Frequent Flyers Need More
Frequent flyers, super utilizers, returners, hot spotters—these are some of the terms used to describe the phenomenon of recurrent use of public or social services. In other industries, these terms may suggest additional services, incentives, seat upgrades, and free drinks. In public and social services, these titles represent high costs and complex needs and come at a financial and ethical consequence to public dollars and safety net services.
The health care field has received a lot of attention over the past decade for their successful attempts to identify high-frequency emergency department users and provide intensive supports and case management services in between medical care appointments. This approach typically includes home visits and phone calls to support and connect patients to services and resources that address the complications that could land them back in the hospital. Several studies have shown that this approach—more intensive services for a longer period for high-frequency users—reduces high-cost health care utilization and improves health outcomes for these patients.
Adult protective services (APS) departments and programs around the country vary; however, most are structured to conduct an investigation, stabilize the client, and close the case. In some ways, this is similar to a traditional emergency department approach to admit, treat, and discharge. Also similar is that a small percentage of these clients will have another incident of maltreatment or self-neglect in the near future, bringing them back to the attention of APS.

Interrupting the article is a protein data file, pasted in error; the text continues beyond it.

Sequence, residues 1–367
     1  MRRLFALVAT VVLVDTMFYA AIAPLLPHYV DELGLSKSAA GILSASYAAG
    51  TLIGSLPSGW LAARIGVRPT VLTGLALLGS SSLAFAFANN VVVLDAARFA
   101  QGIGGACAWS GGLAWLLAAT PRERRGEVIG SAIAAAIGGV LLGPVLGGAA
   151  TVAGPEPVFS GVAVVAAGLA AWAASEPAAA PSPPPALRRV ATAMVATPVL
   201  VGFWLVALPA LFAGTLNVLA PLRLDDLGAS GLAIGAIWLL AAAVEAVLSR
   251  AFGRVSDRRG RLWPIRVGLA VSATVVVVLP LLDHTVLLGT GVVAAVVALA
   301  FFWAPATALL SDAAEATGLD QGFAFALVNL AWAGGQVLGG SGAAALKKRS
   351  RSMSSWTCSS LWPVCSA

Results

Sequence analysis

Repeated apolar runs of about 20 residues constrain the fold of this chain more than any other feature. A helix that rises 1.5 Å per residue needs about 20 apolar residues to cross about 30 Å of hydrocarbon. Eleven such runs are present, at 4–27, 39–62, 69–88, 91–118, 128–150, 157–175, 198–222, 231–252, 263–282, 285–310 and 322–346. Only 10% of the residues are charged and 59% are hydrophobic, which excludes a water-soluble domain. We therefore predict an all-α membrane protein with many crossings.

I have been part of numerous meetings with APS departments where the suggestion of targeting extended, intensive case management services to the high-risk clients who are likely to return was met with a response citing limited department resources and complicated needs of older and aging clients. These limitations do exist, and they are the unfortunate reality of APS funding and services for now. How can we, within the current restraints, meet the needs of this vulnerable population—especially those high-risk, complicated frequent flyers? Maybe it’s time to think differently about how existing resources are allocated by targeting more time, attention, and oversight to older and vulnerable adults whose risk of recurrence is greater.
APS departments are responsible for remedying the complicated situations and complex needs of vulnerable adults without sufficient budget and resources. Given what we have learned from the medical world, let’s start thinking differently about how we deliver services to the high-risk, frequent flyers of APS. Let’s do better at preventing recurrence and stopping the revolving door for our older, aging, and vulnerable population.
Jennifer Cotter is an associate director at NCCD, focusing on the Structured Decision Making® system for child welfare and adult protective services.
This is the third blog in a series addressing adult protection. To read the whole series, click here.